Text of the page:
Remembering Rabaa

It has been six months since the Egyptian army and police massacred over a thousand civilian protestors in Rabaa al-Adawiya square, in Cairo. They had camped in the square for two months, demanding the reinstatement of President Mohamed Morsi, the Muslim Brotherhood leader who had been overthrown in a military coup July 3. The 14 August mass killing was carried out after security forces encircled the protest site, closing off all exits, then assaulted the protestors with armored vehicles and heavy weapons, burning down the protestors’ field hospitals and the mosque buildings they were occupying. The killing continued for twelve hours.

The Rabaa massacre was the crest of a summer of mass killings by security forces, and violent repressions have continued ever since. The country’s military rulers have banned the Brotherhood, then declared it a ‘terrorist organization’ and arrested some 21,000 political prisoners.

Despite the savage repression, supporters of the Muslim Brotherhood have taken to the streets in a week of protest in memory of the Rabaa massacre. The demonstrations, organized like flash mobs, are decentralized, popping up in numerous places in the capital and elsewhere in the country, with a few hundred protestors, many of them women and young people, chanting for a time and then trying to disperse before being attacked or arrested.

The following videos, from the alternative news site Rassd, give a sense of the flavor of the week’s demonstrations. Some may be different moments or views from the same march. The four-fingered sign frequently seen here, either printed in yellow and black, or signaled with the hand of a demonstrator, is a symbolic reminder of the Rabaa massacre (Rabaa means ‘Fourth’). Rassd, now a fiercly anti-coup news site, was formed prior Mubarak’s downfall, and was part of the 2011 revolutionary coalition.



Youthful demonstrators in the streets of the vast neighborhood at the foot of the Great Pyramids, in the southwest quarter of Cairo-Giza. Soccer-club supporting ‘ultras’ are a visible presence in this clip; they chant for ‘justice,’ and ‘permanent revolution,’ while holding signs that say ‘revolution on the streets, not on Facebook.’



A largely silent procession marching through Al Matariya after Friday prayers on Feb. 14. A very lower-class neighborhood, as suggested by the heavy presence of the three-wheeled Tuk-Tuk auto-rickshaws, banned from the city’s nicer neighborhoods, and a badge of pride for working-class Egyptians.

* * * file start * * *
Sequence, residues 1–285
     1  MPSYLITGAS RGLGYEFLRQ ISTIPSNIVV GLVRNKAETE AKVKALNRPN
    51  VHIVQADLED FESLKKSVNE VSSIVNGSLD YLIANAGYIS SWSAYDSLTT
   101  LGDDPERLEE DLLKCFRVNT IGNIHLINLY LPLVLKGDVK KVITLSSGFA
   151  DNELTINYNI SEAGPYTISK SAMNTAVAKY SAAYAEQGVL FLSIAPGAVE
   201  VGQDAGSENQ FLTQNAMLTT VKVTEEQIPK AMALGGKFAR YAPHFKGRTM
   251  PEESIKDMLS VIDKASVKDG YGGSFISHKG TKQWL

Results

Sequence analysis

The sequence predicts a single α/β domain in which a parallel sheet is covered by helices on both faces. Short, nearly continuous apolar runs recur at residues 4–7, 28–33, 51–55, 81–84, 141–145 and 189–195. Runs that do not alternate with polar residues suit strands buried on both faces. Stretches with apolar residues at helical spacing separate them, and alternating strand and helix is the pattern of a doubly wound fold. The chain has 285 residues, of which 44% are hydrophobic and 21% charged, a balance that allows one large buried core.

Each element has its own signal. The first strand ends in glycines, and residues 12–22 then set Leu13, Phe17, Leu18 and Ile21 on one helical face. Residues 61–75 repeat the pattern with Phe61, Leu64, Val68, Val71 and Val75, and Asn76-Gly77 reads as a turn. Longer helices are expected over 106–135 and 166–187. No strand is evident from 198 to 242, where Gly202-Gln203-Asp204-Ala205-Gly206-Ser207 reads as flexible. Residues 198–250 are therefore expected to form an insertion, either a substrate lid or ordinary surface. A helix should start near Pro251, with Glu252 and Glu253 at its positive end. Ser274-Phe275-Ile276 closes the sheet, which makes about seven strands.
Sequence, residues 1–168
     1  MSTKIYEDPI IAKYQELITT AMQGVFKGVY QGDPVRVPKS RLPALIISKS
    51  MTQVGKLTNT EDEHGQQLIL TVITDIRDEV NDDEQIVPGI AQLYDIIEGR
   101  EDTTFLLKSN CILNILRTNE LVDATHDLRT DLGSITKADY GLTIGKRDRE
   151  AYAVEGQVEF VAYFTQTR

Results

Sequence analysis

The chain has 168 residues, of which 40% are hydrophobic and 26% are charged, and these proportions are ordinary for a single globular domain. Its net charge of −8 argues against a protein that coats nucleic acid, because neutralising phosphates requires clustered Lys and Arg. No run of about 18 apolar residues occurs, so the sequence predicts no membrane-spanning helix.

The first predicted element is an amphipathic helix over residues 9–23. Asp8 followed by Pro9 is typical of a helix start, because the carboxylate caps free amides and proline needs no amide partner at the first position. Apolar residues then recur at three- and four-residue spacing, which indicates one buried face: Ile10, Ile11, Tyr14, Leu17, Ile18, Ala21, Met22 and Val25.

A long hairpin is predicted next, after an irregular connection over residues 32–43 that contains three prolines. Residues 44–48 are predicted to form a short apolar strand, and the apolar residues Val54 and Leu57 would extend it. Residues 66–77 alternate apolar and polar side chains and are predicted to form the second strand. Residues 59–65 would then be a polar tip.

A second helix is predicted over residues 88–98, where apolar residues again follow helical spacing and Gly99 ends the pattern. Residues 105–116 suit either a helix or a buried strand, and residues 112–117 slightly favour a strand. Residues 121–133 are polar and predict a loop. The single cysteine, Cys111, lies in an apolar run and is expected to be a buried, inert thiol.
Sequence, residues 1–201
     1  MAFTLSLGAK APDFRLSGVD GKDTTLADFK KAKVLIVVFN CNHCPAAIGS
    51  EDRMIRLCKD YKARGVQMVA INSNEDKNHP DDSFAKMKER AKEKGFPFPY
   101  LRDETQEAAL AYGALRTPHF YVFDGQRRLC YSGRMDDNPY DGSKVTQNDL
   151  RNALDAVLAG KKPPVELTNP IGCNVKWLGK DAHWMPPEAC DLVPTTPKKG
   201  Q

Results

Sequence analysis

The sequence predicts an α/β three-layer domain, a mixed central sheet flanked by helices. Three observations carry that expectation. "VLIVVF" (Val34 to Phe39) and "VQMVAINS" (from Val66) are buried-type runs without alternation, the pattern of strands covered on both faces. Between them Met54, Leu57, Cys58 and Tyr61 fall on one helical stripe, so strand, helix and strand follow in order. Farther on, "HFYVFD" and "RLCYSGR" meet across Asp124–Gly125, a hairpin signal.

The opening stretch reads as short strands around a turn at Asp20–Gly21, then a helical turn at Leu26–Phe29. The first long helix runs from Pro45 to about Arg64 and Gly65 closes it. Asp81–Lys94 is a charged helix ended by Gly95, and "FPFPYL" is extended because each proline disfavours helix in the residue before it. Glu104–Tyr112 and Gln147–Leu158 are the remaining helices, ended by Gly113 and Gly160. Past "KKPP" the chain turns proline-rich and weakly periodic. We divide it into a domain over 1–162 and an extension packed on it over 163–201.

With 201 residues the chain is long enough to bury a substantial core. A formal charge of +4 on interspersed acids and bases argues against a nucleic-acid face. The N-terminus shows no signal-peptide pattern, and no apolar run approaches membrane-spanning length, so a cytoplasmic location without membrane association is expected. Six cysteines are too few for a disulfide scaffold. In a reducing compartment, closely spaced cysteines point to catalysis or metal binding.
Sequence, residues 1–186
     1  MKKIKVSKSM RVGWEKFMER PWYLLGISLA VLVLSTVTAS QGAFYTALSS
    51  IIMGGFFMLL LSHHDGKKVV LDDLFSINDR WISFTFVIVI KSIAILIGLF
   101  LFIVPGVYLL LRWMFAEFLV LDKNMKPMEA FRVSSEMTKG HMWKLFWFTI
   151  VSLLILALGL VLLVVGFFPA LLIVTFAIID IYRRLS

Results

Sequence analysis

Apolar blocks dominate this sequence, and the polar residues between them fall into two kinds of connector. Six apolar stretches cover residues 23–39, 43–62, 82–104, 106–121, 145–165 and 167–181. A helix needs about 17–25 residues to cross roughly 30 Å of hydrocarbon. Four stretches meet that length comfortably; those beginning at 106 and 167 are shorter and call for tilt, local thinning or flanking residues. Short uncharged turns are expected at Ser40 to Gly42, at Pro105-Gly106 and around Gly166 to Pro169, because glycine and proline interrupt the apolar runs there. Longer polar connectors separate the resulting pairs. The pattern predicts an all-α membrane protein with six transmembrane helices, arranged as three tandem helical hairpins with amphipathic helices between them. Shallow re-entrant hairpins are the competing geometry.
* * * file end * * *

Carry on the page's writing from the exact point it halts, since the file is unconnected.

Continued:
A large demonstration in Al Matariya or Ain Shams. At the 24 second mark, a bearded man leads the crowd in chanting, “We are not here to destroy or demolish, only to chant against the military regime,” very much the official Brotherhood line. The camera pauses for a moment at the 35 second mark on a poster hung from an apartment in memory of a family member killed at the Rabaa massacre, one Rifaat Salem Hashim.

Seconds later, a young man waves a lighted Molotov cocktail, leading the crowd in a chant of ‘Bread and freedom, we will burn down the Interior Ministry,’ a sarcastic, rhyming reworking of the revolutionary slogan, ‘Bread, freedom and social justice.’

The contrast with the earlier chants of the Brotherhood’s official, peaceful line suggests that these demonstrations are not the top-down, carefully choreographed Brotherhood marches of the period before the coup and massacres.



A tightly choreographed demonstration in Al Matariya, largely women. The crowd chants “whatever you do to me, Al-Sissi [referring to the country’s military ruler], I will not give up my freedom.”



A more tense air to this march, as the crowd, almost all men, walks through the middle-class avenues of Madinat Nasr, where many of the worst massacres have taken place.



An attack on demonstrators in the eastern city of Suez. Against police gunfire and teargas, the young demonstrators appear to defend themselves with fireworks.



A crowd, mostly children, demonstrating in Al Matariya. The sign held up at the 7 second mark reads, “They lied about us and called us terrorists, but we are your next door neighbors.” The four fingers of the Rabaa symbol have however been rather ominously replaced with Molotov cocktails. In this as in other videos, the viewer has the sense that the vast majority of demonstrators are common citizens and not activists of the Brotherhood.



A nighttime demonstration in the town of Kardasa, a bastion of support for the Brotherhood for generations. Kardasa, scene of deadly raids on the Brotherhood as far back as the 1960s, saw a savage attack on local police immediately after the coup, followed by a violent military crackdown. The sign in the opening seconds repeats the slogan of the 2011 demonstrations which preceded the ouster of Hosni Mubarak: “The people want the downfall of the regime.”

International Boulevard Editors